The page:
My main concern here is not whether Tuvel’s work is good or bad (read it for yourself here, if you’re so inclined, not sure how much longer it will stay up before the bit-burners get it)…indeed, I question the value of the whole subdiscipline encompassing this work and that of many of its critics), but the vitriolic tone of the attacks which in my view clearly inhibit intellectual exploration and and the ability to freely and (individually or collectively) play with ideas…which things are supposed to be primary reasons for the existence of academia…in favor of the dead hand of conformity.  And what is particularly disturbing…and closely echoes Tom Watson’s experiences during the McCarthy era…is this:

    Read the rest of this entry »

    Posted in Academia, Arts & Letters, Civil Liberties, Civil Society, Education, Leftism, Philosophy | 28 Comments »

    Worthwhile Reading

    Posted by David Foster on 4th May 2017 (All posts by )

    Roger Simon:  Will Fascism come to America through its colleges and universities?

    Case in point:  Brooklyn College

    Also from Roger Simon:  Roots of Liberal/Progressive Rage

    Joel Hirsch:  The Gulag and the Islamists

    In 1711, the Spectator had some positive things to say about merchants–not a common opinion among the smart set in that place and time.  (Original article here.)

    Thoughts about the archetype of the American farm boy and the present-day hostility of elitist ‘progressives’ toward people who fit this archetype:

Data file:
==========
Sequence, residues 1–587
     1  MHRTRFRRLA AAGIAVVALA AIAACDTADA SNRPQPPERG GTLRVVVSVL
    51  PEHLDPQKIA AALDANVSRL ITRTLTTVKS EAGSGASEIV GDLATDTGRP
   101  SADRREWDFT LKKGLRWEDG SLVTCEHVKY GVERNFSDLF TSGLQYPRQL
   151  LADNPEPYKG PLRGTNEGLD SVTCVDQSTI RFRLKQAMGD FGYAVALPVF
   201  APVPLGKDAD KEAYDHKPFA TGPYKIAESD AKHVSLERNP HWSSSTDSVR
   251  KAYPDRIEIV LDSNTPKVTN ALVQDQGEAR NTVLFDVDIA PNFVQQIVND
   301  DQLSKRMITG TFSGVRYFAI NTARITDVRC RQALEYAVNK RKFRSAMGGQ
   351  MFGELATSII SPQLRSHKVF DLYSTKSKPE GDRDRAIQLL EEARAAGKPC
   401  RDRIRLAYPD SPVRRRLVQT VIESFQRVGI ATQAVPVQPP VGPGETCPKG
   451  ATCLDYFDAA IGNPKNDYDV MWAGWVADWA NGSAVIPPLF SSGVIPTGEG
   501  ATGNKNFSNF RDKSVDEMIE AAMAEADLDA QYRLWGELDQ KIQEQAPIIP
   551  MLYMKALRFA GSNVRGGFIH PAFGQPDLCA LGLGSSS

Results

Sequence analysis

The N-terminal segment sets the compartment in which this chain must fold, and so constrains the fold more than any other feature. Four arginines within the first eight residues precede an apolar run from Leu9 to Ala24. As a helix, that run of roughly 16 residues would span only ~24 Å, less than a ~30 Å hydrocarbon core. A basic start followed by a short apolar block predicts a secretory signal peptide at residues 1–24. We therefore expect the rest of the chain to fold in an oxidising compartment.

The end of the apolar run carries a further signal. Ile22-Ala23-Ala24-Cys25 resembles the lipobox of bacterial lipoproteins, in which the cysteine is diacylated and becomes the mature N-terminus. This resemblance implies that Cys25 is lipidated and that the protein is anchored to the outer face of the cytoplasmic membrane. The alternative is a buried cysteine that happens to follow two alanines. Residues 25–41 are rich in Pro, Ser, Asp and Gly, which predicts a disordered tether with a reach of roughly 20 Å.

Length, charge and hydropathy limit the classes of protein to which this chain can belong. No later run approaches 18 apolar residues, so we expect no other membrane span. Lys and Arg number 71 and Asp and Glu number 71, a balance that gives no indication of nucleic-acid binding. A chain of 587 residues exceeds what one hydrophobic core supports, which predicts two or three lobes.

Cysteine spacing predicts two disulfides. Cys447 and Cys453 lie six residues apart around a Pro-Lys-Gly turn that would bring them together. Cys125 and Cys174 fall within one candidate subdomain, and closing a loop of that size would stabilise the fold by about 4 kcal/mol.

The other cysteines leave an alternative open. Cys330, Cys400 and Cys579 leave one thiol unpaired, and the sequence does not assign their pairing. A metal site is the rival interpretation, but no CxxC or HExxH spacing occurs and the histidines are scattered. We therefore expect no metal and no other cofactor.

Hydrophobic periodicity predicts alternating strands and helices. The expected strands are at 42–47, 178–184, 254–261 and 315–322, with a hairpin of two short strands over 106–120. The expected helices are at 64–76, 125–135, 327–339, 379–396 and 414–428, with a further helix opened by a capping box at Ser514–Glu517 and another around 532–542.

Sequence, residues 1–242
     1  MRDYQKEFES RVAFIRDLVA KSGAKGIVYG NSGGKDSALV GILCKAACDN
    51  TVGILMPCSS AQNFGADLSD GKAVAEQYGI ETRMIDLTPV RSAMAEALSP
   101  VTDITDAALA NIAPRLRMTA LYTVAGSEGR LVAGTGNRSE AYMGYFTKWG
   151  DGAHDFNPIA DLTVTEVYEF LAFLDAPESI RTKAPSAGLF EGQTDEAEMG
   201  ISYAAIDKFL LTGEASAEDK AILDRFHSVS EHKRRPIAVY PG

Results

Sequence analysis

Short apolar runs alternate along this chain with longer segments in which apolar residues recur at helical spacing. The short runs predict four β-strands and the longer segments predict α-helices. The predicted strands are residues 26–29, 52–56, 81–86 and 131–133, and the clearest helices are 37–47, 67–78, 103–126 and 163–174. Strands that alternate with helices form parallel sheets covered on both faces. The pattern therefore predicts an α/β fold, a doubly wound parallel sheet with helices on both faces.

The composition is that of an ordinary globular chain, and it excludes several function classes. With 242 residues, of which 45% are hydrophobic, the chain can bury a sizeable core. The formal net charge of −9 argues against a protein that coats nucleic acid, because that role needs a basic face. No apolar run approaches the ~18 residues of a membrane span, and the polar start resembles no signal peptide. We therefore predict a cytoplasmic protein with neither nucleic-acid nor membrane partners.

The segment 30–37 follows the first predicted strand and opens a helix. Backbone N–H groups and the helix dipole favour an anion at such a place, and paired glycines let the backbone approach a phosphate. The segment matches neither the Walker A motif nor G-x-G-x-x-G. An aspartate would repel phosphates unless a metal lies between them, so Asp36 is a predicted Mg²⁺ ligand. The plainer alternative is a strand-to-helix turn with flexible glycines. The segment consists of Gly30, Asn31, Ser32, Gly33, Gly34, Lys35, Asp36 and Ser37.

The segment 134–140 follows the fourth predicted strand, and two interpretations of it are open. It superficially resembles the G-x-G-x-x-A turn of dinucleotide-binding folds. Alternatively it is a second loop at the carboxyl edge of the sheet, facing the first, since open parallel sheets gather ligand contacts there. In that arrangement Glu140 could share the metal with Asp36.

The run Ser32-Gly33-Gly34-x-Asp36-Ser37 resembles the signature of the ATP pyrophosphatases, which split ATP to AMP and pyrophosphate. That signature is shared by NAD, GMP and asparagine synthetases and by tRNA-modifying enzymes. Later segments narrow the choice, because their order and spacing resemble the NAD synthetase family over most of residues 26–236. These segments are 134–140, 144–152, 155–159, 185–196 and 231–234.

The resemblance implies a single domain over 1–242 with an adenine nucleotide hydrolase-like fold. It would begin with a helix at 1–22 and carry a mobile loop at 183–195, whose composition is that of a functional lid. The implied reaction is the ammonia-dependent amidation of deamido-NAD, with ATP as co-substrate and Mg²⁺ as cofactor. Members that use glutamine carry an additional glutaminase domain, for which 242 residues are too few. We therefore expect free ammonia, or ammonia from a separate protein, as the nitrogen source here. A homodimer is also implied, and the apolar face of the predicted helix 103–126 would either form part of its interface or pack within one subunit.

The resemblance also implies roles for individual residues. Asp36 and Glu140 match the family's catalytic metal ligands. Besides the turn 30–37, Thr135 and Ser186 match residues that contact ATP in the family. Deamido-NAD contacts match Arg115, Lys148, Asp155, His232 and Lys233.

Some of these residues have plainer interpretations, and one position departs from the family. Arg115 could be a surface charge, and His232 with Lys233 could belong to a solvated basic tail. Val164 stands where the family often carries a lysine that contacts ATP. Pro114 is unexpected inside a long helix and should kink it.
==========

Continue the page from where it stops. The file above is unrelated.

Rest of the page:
Then it hit me. The new American myth, carefully constructed by the SJWs and their ilk, is that farmers are stupid. Mechanics are dumb. Plumbers only ply their trade because they are too stupid to take gender studies courses. And since they are all idiots, of course their children must be idiots too. Indeed, they are all far too stupid to be permitted a say in how their own lives are run.

    Related to the above:  The roots of campus progressivism’s madness

    Posted in Academia, Business, Civil Liberties, Civil Society, Islam, Leftism, USA | 20 Comments »

    Oxytocin and Conformity – Public and Private

    Posted by David Foster on 29th April 2017 (All posts by )

    An interesting article by Robert Sapolsky distinguishes between public conformity, in which subjects change their opinions to be more agreeable to the crowd, and private conformity, where the individual actually adopts the crowd’s opinion as his own.

    Sapolsky describes a classic experiment for studying conformity, in which solitary subjects are first asked something with an obvious answer such as, “Here’s a line.  Which of these three other lines is it closest to in length?”  Then a subject is asked the question which amid a group of other “participants,” actually confederates of the researcher who have been instructed to give a unanimously wrong answer. When these false answers were given first, the real study subjects would agree with that answer up to three-quarters of the time.

    Neuroscience research suggests that “the discovery that everyone disagrees with you turns out to typically activate the amygdala and the insular cortex, brain regions associated with anxiety, disgust, and unease.”

    In another experiment, which involved watching a documentary and then being quizzed about it, subjects were divided into two groups.  One group was administered oxytocin, the so-called ‘cuddling hormone,’ which is said to promote bonding and affiliation in couples and also among social groups.  The other experimental group got a placebo.  Among the placebo group, about 2/3 conformed to the crowd opinion…but of these, about half reverted to the correct answer when they were on their own again.  Among those who got oxytocin, there was a 15% increase in the rate of public conforming, but no increase in the rate of private conforming.